We’ve all used them, decked out in chartreuse cotton tablecloths and twisted into a knot around the middle, tops adorned with chocolates, business flyers and business cards. Bar tables!
A staple of business networking and social events, they are designed to be a convenient spot to place a cold beverage while you wipe your pant leg right before you shake a new contact’s hand, and an easy place from which to work the room.
But dare we call them non-inclusive?
Have we overlooked the fact that the events we often attend include wheelchair users, little people and other individuals with varied height needs? We think that these well-intentioned networking hubs become anything but inclusive. They become opportunities for exclusion.
Bar-height tables make visibility and communication a line-of-sight challenge for wheelchair users and little people. It makes for awkward situations that features shouted “excuse me”s and the decision of whether to tap a person on the elbow or at the waist since their shoulder is out of reach. How would you feel if you spent the entire time at a networking event looking at people’s waists and butts?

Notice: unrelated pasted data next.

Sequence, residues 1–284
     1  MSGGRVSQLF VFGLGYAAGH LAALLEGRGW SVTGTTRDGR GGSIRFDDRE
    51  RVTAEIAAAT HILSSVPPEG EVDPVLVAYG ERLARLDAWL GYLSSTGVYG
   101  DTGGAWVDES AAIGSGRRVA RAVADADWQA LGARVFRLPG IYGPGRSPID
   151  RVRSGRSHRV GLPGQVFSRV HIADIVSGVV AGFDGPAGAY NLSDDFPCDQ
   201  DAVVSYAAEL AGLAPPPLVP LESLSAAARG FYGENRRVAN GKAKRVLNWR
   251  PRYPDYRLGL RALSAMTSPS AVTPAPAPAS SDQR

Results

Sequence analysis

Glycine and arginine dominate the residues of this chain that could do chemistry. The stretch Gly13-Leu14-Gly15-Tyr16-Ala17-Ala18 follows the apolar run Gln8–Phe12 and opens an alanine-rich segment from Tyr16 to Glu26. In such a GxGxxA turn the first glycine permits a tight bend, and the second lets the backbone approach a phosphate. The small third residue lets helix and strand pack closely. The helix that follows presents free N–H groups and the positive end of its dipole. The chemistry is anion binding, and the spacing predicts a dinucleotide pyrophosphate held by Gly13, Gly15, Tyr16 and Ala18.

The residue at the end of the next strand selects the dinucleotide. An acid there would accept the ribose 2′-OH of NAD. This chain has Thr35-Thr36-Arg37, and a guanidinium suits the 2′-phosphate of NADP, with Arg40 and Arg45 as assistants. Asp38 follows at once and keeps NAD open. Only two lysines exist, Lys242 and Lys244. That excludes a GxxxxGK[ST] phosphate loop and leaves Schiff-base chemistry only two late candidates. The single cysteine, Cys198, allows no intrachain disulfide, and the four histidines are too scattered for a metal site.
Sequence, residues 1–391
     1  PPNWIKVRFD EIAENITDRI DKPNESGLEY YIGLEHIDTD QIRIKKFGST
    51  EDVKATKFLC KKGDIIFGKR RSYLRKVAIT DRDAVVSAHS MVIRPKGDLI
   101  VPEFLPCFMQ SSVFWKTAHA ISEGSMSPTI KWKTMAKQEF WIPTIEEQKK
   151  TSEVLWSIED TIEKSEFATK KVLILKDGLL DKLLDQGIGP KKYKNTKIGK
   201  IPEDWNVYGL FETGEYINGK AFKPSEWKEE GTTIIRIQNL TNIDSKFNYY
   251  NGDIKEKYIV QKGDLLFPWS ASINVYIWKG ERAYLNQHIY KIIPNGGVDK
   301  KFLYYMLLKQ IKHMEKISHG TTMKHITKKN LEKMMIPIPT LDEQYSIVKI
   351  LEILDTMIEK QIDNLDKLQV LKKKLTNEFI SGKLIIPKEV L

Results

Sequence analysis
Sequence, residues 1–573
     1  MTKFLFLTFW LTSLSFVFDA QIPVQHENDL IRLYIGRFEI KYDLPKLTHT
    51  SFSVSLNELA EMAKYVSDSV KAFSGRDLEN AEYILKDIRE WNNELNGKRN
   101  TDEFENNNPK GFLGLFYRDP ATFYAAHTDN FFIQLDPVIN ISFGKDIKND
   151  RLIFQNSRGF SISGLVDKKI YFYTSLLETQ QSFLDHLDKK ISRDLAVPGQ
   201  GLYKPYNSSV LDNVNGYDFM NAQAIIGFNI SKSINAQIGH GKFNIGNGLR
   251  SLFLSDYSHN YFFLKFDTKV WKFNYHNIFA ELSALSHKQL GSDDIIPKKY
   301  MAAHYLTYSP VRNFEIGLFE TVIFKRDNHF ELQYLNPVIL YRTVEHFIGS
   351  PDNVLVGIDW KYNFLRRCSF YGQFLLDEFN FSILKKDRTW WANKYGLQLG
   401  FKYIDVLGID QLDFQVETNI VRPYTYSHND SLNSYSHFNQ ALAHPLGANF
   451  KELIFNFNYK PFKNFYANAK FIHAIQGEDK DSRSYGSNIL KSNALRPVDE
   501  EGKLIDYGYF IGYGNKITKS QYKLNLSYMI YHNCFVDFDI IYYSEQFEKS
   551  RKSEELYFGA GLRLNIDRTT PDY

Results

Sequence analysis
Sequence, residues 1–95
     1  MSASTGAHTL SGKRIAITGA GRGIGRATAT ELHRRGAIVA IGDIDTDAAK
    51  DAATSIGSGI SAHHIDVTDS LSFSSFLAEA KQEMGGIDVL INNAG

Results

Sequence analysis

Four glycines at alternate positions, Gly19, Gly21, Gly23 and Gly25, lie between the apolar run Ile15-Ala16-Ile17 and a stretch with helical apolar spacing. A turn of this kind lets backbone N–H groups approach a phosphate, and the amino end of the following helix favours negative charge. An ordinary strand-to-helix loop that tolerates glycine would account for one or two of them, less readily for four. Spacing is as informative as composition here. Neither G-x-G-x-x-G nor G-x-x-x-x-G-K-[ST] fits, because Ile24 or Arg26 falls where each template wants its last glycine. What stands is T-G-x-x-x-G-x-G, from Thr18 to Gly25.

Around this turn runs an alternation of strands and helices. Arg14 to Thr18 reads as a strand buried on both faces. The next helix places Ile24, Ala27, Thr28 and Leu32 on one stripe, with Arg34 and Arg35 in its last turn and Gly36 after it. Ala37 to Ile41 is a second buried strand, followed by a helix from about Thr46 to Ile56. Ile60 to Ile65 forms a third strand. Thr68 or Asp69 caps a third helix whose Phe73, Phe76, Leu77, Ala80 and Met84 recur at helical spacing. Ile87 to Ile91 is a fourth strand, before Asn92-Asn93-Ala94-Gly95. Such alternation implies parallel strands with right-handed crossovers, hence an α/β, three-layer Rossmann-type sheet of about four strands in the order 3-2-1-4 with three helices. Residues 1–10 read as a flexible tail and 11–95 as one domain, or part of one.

Let’s work together to make it possible for everyone to have a level playing field when networking.
Lest anyone roll over any toes, we may want to consider a new paradigm of networking event bar tables. Perhaps two tables of differing heights side by side, cloaked by the same tablecloth but at heights accessible to all. This seemingly minor aesthetic shift creates a wide open avenue for one another to be seen and heard.
Long story short. Why not?